Jane Reader, Bournemouth (UK) Echo, October 14, 2008
AN INFLUX of migrants means up to 35 different languages are spoken in individual Bournemouth primary schools.
One in 10 pupils at Malmesbury Park Primary School cannot speak English and a further 15 per cent have needed extra help to learn the language in the past.
The picture is the same at St Michael’s Primary in the town centre, the area most affected by the culture change.
And some Boscombe schools are seeing dramatic rises in the number of pupils categorised as EAL (English as an Additional Language).
Such statistics are common in inner-city areas of the UK, where ethnic minorities routinely outnumber white British pupils.
But the figures are likely to surprise many people who may not have previously thought it applied to Dorset David Blakely, head teacher of Malmesbury Park in Lowther Road, said the number of languages spoken in the school had risen gradually over the last 10 years.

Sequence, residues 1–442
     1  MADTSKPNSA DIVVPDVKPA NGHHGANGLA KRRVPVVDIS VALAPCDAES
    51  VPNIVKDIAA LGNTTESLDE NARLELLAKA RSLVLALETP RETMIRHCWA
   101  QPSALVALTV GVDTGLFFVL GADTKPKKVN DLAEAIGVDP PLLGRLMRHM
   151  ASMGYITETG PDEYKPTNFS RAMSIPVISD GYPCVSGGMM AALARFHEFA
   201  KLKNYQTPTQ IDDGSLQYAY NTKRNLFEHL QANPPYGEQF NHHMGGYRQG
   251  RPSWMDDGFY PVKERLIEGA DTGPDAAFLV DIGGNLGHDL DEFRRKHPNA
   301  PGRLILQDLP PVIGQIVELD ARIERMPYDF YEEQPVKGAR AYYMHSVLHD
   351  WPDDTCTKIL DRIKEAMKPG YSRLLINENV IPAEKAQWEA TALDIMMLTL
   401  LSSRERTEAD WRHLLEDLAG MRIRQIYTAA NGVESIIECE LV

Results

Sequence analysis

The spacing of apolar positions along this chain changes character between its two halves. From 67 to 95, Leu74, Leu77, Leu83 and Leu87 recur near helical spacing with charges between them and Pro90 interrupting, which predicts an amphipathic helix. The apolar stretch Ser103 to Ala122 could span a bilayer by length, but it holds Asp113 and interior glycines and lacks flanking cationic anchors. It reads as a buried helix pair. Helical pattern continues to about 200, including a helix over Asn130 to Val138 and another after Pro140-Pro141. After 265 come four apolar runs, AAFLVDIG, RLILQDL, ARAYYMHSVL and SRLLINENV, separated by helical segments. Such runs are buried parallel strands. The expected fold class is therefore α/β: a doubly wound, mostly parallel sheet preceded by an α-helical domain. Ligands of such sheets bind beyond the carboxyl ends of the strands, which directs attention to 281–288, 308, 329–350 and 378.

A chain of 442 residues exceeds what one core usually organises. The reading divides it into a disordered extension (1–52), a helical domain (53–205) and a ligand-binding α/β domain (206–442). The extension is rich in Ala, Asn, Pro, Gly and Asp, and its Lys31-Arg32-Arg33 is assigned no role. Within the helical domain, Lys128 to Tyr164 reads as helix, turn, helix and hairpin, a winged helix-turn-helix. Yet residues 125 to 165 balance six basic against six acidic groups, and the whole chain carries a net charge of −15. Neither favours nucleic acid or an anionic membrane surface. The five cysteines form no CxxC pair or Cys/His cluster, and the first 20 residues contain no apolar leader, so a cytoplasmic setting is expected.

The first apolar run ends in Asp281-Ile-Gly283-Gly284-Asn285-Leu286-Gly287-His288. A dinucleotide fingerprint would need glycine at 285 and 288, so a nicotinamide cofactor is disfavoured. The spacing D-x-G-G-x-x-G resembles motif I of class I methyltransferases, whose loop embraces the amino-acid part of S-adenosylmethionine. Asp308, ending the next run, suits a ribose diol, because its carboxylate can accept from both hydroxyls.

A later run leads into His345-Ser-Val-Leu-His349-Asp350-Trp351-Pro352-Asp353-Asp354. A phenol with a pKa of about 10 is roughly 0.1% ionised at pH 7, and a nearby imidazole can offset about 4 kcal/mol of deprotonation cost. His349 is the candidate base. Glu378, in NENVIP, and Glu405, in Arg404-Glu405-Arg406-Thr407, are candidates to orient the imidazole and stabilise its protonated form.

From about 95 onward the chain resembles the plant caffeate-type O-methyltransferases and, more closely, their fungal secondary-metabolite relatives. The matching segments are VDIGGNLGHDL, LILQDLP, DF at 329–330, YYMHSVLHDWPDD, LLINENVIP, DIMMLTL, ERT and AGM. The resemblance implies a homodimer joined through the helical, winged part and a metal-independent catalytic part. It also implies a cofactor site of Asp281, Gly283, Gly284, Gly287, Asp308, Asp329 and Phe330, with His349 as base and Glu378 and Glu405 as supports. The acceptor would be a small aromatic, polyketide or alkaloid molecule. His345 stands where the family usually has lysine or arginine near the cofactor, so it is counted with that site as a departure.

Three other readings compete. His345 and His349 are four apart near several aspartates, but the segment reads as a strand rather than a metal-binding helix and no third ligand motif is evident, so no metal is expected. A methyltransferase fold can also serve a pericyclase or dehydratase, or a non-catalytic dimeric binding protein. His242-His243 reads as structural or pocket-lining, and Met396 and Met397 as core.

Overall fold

“There is a wide variety from Polish and Korean to Arabian and different forms of Spanish,” he told the Daily Echo.
“We haven’t even heard of some of the languages until the children arrive here.”
He said around 60 of the school’s 635 pupils need intensive support because they cannot speak English and said two teaching assistants have been employed to help them. An extra teacher also comes in two days a week.
“I firmly believe it does not have a bad effect on the rest of the pupils in the school,” added Mr Blakely.
“The school has done relatively well in recent tests.
“The children here are learning about the differences between different cultures and learning to get on together, which is a good thing.”
And he continued: “They are learning life skills that it would be hard to teach without that ethnic mix.”